How God Uses Questions in the Bible

by Michael Kelley May 19, 2017

Almost every parent has gone through the sweet but annoying stage of questions from their children. These are the days when kids seem to have inexhaustible curiosity and a corresponding inexhaustible list of inquiries to go along with it. The questions range from why the sky is blue, to why certain animals have spots and others don’t, to why we have to eat our vegetables.

These questions come in a flurry during that season of life – one right after the other, until the parent says that he or she has dispensed enough information for the day.

Kids ask these questions, at least in the purest sense, because they lack information. They are sponges who want to soak up every bit of information that we, as the parents, have to give them. They assume that because we are their parents, we are in possession of all this information and will freely give it to them.

Parents ask their children questions, too, albeit for different reasons. Sometimes we ask our kids things because we feel distant from them. We want more than anything for our children to open up and share not only about what’s going on in their lives but how it makes them feel. Questions we ask are not really for information; they’re focused on intimacy. We have such a strong desire for this intimacy that we can ask questions back to our children with the same frequency and intensity they once employed with us.

The badgered becomes the badgerer.

The same action – asking questions – is employed, but there is a different purpose behind it.

Now consider the fact that God, too, is a question-asker. We see this happen many times in Scripture:

  • When Adam and Eve first sinned, God responded with a question: “Where are you?” (Gen. 3:9).
  • When Adam and Eve presented themselves, God asked Eve directly, “What is this you have done?” (Gen. 3:13).
  • When God responded to Job’s accusations, He used a series of questions beginning with, “Where were you when I…?” (Job 38:4).
  • When Jonah was angry that God did what Jonah feared He would – relent on His punishment of the Ninevites – God asked him twice: “Is it right for you to be angry?” (Jonah 4).
  • When the people said Jesus was a prophet or a reincarnation of John the Baptist, He asked the disciples, “Who do you say that I am?” (Matt. 16:15).

The list could go on. In each case, God asks a question. Because questions serve different purposes, dependent upon the occasion, we might wonder what God's intentions are with these questions.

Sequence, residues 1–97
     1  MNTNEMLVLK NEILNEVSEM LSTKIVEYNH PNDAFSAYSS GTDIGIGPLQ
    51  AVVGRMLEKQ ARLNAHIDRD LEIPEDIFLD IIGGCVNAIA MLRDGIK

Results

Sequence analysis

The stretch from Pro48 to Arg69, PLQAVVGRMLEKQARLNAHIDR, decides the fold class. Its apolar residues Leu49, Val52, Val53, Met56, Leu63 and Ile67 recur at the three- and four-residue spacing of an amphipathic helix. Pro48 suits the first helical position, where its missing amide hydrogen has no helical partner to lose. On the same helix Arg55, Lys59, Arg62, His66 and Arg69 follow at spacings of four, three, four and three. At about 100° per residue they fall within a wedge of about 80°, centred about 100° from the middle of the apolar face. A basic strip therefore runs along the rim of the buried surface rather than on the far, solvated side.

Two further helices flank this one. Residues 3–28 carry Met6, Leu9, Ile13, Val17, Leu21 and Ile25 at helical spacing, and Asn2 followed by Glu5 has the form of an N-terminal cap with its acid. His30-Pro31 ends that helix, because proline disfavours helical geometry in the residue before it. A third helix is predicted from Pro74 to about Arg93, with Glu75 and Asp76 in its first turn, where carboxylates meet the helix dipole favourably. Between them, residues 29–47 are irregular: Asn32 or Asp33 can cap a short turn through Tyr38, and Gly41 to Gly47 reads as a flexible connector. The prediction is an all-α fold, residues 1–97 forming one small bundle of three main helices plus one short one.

We know, first of all, what His intent is not. We know that the question is not informational in nature because God already knows the answer. In fact, God actually knows the facts of every situation better than the people involved in the situation. Here we find one of the great purposes of God's questions.

God uses questions to force us to confront our own hearts. He questions us not because He needs to know or understand something about what’s going on, but because He wants us to know and understand the truth of what’s going on. Through questions, God forces us to turn our gaze on ourselves, our hearts, and our motivations. He makes us look deeply into ourselves, knowing that He already knows, and then own up to that which we have either been unable or unwilling to see previously.

As He did in the garden, God might ask us, “Where are you?” not because He doesn’t know, but because He wants us to bring the fear and shame that keeps us in hiding into the light.

As He did with Jonah, God might force us to confront our own bias, prejudice, and bitterness so that we might, through His compassion and grace, move past it.

As Jesus did with the disciples, God might ask us again and again who He is, not because He has forgotten, but because He wants us to form the discipline in ourselves to speak the truth of His character to our doubts over and over again.

God questions us. Not because He doesn’t know, but because He wants us to know. When God asks us a question today, I wonder if we will be courageous enough to answer it? Answering his questions will not mean calling up a new piece of information; it will mean confronting the truth about ourselves.